The Domestic Violence Intervention Court Model: a follow-up study

6 March 2012

The Domestic Violence Intervention Court Model was successful in achieving some but not all of its aims.

 

This study examines whether domestic violence police and court outcomes have changed since the commencement of the Domestic Violence Intervention Court Model (DVICM).

Method: Logistic and Poisson regression models were used to determine whether the DVICM resulted in the following: an increase in the proportion of persons of interest charged with a domestic violence offence; an increase in the proportion of domestic violence matters finalised on a plea of guilty; a decrease in the proportion of matters finalised on a dismissal; an increase in the proportion of penalties of bonds with supervision; an increase in the proportion of penalties of imprisonment; a decrease in the time from first court appearance to finalisation in court; an increase in the proportion of matters finalised with a plea of guilty within three weeks of first court appearance; and an increase in the proportion of matters finalised within 12 weeks of the police event date. The test sites were Campbelltown, Macquarie Fields, and Wagga Wagga Local Area Commands. The rest of NSW was used as the control group.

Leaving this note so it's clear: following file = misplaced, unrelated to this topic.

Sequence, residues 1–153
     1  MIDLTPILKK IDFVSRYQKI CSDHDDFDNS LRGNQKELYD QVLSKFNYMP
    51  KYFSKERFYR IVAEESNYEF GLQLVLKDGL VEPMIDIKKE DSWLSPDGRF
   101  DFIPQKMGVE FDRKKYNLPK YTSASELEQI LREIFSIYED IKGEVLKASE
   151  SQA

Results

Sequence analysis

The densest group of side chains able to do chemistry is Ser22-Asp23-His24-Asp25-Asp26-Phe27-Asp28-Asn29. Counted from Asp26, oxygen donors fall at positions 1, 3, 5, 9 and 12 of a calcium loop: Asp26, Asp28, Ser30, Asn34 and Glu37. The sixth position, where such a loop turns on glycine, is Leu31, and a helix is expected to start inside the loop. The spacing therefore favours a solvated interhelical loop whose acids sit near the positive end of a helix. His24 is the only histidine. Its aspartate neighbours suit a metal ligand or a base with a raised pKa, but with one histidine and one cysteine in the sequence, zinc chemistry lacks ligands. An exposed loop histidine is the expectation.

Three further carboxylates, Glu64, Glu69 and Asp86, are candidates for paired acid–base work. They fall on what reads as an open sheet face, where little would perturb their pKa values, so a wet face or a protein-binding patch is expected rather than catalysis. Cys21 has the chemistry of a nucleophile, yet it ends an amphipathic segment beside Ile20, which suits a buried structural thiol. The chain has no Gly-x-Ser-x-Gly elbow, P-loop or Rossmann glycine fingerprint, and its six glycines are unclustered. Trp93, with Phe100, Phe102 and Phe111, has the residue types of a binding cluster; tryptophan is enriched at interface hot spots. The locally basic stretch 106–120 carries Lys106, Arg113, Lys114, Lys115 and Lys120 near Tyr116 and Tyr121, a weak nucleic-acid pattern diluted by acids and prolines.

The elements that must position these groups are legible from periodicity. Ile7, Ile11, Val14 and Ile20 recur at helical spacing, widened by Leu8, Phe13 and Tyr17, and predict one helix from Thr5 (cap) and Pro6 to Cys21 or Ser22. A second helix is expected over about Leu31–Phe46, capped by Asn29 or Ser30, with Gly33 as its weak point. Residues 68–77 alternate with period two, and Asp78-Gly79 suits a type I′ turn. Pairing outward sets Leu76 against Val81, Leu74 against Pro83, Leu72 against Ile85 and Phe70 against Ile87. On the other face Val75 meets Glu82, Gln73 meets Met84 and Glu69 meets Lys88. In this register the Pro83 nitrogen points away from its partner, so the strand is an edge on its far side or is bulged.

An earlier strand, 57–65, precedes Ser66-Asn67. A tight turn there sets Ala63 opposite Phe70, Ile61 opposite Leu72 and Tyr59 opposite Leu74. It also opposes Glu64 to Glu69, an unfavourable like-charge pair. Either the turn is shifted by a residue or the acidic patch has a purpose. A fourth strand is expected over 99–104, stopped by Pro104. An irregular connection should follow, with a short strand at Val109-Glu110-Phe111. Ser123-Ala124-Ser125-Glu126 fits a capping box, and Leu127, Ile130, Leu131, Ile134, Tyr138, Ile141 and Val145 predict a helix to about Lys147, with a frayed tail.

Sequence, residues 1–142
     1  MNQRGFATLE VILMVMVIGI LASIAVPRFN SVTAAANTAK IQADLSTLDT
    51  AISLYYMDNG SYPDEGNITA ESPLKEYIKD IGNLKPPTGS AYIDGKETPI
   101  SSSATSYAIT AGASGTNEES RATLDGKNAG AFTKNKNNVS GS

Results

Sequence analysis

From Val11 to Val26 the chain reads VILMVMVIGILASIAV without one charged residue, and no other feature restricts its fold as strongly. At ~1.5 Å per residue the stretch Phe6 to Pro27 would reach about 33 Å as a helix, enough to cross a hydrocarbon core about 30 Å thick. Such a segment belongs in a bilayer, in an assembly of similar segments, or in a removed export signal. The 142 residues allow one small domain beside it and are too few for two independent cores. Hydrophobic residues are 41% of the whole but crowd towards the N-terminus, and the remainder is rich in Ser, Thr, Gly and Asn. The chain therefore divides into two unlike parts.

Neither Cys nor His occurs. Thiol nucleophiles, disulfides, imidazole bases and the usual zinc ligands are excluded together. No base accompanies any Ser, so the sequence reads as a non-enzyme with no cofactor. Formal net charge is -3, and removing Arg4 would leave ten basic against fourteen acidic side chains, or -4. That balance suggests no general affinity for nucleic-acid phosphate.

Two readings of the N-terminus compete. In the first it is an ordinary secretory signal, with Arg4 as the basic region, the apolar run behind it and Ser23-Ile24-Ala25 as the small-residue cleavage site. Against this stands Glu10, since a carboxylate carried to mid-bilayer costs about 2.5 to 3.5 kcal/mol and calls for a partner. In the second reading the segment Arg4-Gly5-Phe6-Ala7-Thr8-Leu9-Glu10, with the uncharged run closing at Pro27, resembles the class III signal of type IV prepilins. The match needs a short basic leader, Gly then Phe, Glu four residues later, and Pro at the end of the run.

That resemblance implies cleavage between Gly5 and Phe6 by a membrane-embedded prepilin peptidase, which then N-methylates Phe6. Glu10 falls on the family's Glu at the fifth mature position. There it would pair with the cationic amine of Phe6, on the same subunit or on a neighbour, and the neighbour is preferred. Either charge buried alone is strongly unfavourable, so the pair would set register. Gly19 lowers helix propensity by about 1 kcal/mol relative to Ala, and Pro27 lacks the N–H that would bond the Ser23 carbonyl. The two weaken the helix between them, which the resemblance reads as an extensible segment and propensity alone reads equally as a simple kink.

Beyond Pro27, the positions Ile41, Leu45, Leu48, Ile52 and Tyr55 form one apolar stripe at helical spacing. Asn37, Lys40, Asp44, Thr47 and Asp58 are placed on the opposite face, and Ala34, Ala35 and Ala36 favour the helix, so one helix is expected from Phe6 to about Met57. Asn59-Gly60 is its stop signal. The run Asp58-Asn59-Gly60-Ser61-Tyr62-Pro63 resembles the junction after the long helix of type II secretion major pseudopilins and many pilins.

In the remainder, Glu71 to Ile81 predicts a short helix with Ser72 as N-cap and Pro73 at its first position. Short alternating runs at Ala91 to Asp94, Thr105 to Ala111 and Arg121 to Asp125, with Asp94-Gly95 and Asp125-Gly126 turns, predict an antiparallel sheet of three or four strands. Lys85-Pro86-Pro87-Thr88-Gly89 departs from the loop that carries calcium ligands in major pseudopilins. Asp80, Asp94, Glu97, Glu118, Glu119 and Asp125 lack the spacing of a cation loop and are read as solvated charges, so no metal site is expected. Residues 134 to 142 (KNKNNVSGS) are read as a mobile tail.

Results: The DVICM increased the proportion of persons of interest charged in Macquarie Fields but not in Campbelltown or Wagga Wagga Local Area Commands. It reduced the time taken to finalise domestic violence matters in Campbelltown and Wagga Wagga Local Courts. The DVICM did not affect the proportion of matters finalised on a plea of guilty; the proportion of matters finalised on a dismissal; the proportion of penalties of bonds with supervision; nor the proportion of penalties of imprisonment.

Conclusion: The DVICM was successful in achieving some but not all of its aims.

Publication Details

Publication Type: 
Format: 

Cite this document

Page metrics

Total views This Month This Week Today Download count
1508 28 2 0 12